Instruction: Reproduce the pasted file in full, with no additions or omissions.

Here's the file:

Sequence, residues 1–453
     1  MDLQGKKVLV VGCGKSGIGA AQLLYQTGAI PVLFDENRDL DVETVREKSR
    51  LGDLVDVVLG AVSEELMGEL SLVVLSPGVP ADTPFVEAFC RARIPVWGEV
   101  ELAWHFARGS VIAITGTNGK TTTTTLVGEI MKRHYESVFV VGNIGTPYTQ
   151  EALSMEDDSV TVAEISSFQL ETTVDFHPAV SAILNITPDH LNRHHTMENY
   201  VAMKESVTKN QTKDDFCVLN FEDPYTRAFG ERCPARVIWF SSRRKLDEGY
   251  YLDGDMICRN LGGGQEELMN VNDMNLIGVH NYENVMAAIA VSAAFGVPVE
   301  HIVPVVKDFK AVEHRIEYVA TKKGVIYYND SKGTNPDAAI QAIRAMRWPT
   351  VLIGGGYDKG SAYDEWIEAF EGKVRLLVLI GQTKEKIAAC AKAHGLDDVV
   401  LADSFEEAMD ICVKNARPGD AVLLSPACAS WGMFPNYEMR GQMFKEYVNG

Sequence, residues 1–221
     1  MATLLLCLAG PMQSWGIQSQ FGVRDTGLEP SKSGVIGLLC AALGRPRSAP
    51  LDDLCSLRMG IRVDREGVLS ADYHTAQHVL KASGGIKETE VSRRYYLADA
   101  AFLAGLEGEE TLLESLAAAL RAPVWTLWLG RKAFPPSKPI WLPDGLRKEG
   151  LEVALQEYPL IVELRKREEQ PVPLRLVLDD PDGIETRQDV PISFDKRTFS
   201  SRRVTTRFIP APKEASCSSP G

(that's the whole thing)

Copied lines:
Sequence, residues 1–453
     1  MDLQGKKVLV VGCGKSGIGA AQLLYQTGAI PVLFDENRDL DVETVREKSR
    51  LGDLVDVVLG AVSEELMGEL SLVVLSPGVP ADTPFVEAFC RARIPVWGEV
   101  ELAWHFARGS VIAITGTNGK TTTTTLVGEI MKRHYESVFV VGNIGTPYTQ
   151  EALSMEDDSV TVAEISSFQL ETTVDFHPAV SAILNITPDH LNRHHTMENY
   201  VAMKESVTKN QTKDDFCVLN FEDPYTRAFG ERCPARVIWF SSRRKLDEGY
   251  YLDGDMICRN LGGGQEELMN VNDMNLIGVH NYENVMAAIA VSAAFGVPVE
   301  HIVPVVKDFK AVEHRIEYVA TKKGVIYYND SKGTNPDAAI QAIRAMRWPT
   351  VLIGGGYDKG SAYDEWIEAF EGKVRLLVLI GQTKEKIAAC AKAHGLDDVV
   401  LADSFEEAMD ICVKNARPGD AVLLSPACAS WGMFPNYEMR GQMFKEYVNG

Sequence, residues 1–221
     1  MATLLLCLAG PMQSWGIQSQ FGVRDTGLEP SKSGVIGLLC AALGRPRSAP
    51  LDDLCSLRMG IRVDREGVLS ADYHTAQHVL KASGGIKETE VSRRYYLADA
   101  AFLAGLEGEE TLLESLAAAL RAPVWTLWLG RKAFPPSKPI WLPDGLRKEG
   151  LEVALQEYPL IVELRKREEQ PVPLRLVLDD PDGIETRQDV PISFDKRTFS
   201  SRRVTTRFIP APKEASCSSP G